Editor’s note: Kauai Perspective is a new monthly column in The Garden Island by former journalist and PR executive Allan Parachini, who lives and makes furniture in Kilauea.
When TGI announced a few weeks ago that it would no longer accept online comments on letters to the editor, it explained that many anonymous posters had overstepped the limits of taste and civility.
In the days that followed, 48 commenters posted reactions to this announcement. Only 18 of them used what appeared to be real names and many posted multiple comments. The rest hid behind pseudonyms like “Tunataxi” and “Payback.”
Welcome to the world of Internet-enabled modern anonymity. It’s a place where you can say the most outrageous things imaginable; engage in anonymous character assassination and disseminate scandalous rumors without identifying yourself or ever having to take ownership — and responsibility — for what you’ve said.
Many years ago, talk radio stations stopped requiring people who called in to talk shows to identify themselves as “Ted from Toonerville” or “Betty from Bettyland.” Consequently, nameless voices became emboldened because no one would ever call them on what they said. What followed was the rise of hate radio, encouraged by on-air public forums as safe havens for socially unacceptable and politically marginal views. Here on-island, the North Shore-centric community station KKCR plays the role of talk radio.
Most of the time, KKCR hosts don’t ask people to identify themselves. Yet on Kauai, with our very small population in which everyone seems to know everyone else, experienced radio people realize that guarding anonymity is more difficult because so many people may recognize someone’s unique voice.
KKCR host Felicia Cowden noted that radio is, by its very nature, more moderated than Internet postings and that part of her role is “to buffer nasty comments.” Nonetheless, she often recognizes a caller, even without asking for a name, and often will call them back after she gets off the air. Still, she said, sometimes, “they are very vulnerable, and it takes courage to speak.”
But as genuinely concerned with her listeners as Cowden is, the trend toward greater anonymity emboldening people who hide behind anonymity has clearly enabled some vicious, ugly perspectives. This is even truer online, where people can conceal their identities, locations, affiliations and actual beliefs.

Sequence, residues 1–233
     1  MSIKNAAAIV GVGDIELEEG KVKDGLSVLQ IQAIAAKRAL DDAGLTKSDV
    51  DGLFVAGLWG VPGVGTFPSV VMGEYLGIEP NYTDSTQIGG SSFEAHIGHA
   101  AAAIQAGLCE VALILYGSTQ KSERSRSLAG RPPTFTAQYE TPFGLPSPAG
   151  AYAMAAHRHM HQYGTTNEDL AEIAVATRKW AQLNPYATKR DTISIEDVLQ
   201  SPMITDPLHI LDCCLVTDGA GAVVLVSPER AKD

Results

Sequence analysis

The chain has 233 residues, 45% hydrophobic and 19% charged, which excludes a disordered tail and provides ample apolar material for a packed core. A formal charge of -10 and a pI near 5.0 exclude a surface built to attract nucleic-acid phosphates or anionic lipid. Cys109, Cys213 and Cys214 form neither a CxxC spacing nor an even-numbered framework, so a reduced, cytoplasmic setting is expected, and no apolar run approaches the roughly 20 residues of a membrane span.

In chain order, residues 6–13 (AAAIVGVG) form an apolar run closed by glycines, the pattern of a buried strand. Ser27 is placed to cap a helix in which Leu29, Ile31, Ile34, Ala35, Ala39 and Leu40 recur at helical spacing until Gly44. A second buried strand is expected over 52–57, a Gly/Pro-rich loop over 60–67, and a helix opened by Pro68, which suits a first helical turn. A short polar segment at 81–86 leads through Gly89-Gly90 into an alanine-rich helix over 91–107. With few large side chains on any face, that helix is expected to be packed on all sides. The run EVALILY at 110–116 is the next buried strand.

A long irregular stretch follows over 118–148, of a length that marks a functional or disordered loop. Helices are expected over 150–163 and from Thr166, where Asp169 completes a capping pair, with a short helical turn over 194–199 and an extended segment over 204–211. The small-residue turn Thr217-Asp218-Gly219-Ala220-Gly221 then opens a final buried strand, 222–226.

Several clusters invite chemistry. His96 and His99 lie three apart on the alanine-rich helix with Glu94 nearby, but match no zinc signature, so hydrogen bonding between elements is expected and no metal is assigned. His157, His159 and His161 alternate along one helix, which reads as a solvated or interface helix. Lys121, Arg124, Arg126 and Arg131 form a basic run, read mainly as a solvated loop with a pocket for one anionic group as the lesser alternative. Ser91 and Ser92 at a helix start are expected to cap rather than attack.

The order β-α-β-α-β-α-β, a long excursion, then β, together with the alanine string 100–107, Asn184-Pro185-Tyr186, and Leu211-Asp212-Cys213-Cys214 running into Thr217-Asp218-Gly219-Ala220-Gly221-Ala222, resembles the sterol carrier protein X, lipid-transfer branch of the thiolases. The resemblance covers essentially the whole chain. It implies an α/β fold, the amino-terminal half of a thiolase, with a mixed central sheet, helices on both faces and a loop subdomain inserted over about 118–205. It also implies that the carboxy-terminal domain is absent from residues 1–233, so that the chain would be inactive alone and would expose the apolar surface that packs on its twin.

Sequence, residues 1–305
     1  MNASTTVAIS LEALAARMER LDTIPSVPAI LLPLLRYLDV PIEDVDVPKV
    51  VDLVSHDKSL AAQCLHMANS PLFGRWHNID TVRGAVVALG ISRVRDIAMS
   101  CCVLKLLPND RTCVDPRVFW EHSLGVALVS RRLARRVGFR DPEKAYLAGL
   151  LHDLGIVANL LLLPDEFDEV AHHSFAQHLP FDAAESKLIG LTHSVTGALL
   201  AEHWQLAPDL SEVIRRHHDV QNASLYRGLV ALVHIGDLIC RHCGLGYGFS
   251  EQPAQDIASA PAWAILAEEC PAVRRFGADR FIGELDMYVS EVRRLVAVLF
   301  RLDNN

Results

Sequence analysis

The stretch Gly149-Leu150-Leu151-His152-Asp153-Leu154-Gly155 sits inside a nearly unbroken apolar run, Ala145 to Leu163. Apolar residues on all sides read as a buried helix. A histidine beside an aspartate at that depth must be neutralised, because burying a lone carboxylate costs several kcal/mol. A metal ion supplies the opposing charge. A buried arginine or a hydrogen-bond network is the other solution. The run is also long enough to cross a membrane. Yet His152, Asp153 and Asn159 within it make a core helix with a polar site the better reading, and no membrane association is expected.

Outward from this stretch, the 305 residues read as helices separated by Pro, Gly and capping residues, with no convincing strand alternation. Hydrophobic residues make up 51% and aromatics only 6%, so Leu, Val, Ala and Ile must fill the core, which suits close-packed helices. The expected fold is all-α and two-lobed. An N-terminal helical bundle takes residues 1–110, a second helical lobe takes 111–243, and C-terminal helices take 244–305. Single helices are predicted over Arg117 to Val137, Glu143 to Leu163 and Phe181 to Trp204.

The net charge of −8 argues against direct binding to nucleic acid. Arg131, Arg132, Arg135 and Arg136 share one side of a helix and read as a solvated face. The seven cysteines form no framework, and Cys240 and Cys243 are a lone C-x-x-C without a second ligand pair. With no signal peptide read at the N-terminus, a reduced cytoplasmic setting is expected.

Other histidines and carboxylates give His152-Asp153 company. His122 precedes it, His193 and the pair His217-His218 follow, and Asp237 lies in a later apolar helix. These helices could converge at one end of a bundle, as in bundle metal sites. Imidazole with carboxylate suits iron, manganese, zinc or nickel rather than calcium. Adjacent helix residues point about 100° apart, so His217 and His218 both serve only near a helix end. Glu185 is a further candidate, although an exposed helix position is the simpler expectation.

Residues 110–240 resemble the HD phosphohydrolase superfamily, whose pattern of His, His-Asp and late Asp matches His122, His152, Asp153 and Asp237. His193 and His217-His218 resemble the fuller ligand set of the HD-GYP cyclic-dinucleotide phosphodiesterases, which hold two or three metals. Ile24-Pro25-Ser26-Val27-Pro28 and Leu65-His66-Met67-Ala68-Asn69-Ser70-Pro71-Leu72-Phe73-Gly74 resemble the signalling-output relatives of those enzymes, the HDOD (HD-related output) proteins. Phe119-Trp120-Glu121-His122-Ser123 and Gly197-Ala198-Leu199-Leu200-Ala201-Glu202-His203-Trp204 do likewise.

The Internet — perhaps inevitably — has become a gigantic worldwide rumor mill, outstripping anything that has preceded it in human communication. Yet the truth is out there for those with an open mind and willingness to explore a little further than what immediately appears on their screen or Facebook feed. Let’s hope TGI’s decision helps foster a more reasoned discourse in our public forums.
A more reasoned approach
With her well-reasoned decision invalidating Maui County’s anti-GMO initiative, U.S. District Court Judge Susan Mollway dominated the summer’s discourse on GMOs and, in the case of Kauai in particular, pesticides.
Because the measure had been a ballot initiative, Mollway was immediately condemned for overruling the voters of Maui County. Curiously, those same outraged voices were silent a few weeks later when the U.S. Supreme Court struck down all state laws forbidding gay marriage — many of which resulted from voter initiatives.
It is revealing to compare the disdain for the court decision on Maui and Kauai with the support for the Supreme Court ruling that many of those same people emphatically supported. Clearly, some have a selective regard for our three-branch system of checks and balances at the state and federal levels. Striking down legislation that attempts to override established federal and state jurisdictions is part of the courts’ job description.
As all of this has transpired, unknown or forgotten, the Joint Fact-Finding Group (JFFG) has been quietly doing its work, making slow progress toward answering core questions that still preoccupy the island’s agenda. Established in the wake of the court decision that struck down Kauai’s ill-conceived pesticide control ordinance, the JFFG is led by Peter Adler of the Honolulu-based Accord 3.0 Network.
The group is deliberating an exhaustive list of 44 questions that, in Adler’s view, must be answered credibly before any additional public policy decisions on the issues are made on Kauai. The group consists of nine Kauai residents who represent the entire spectrum of the GMO/pesticide debate. For the first time, seed company representatives — two of them — are at the table for this critical conversation.
The JFFG’s mandate poses one fundamental question: “Are there detectable and measurable human or environmental health impacts on Kauai associated with pesticide use in genetically modified crop production?” The group is conducting a full review of credible scientific literature, sifting the real science out from the propaganda.
As the JFFG has worked quietly, it has become even clearer that enactment of Ordinance 960 put the cart before the horse. The ordinance was introduced as an alleged solution to a problem that was neither really defined nor comprehensively documented, arousing bitter island divisions.
If the County Council process had worked effectively, the JFFG’s dispassionate inquiry would have occurred before any legislation was introduced. That way, the critical 44 basic questions the group is now grappling with might have been largely answered and pointed the way toward a realistic agenda, and one that would not have invited being struck down by a federal court.
The JFFG’s draft report will be made public before it is finally adopted. Look for developments sometime before Dec. 31. And of course, await the inevitable sound and fury of those who have already made up their minds on the issue and will foment a furious, anonymous backlash.
Allan Parachini is a former journalist and PR executive. He is a Kilauea resident.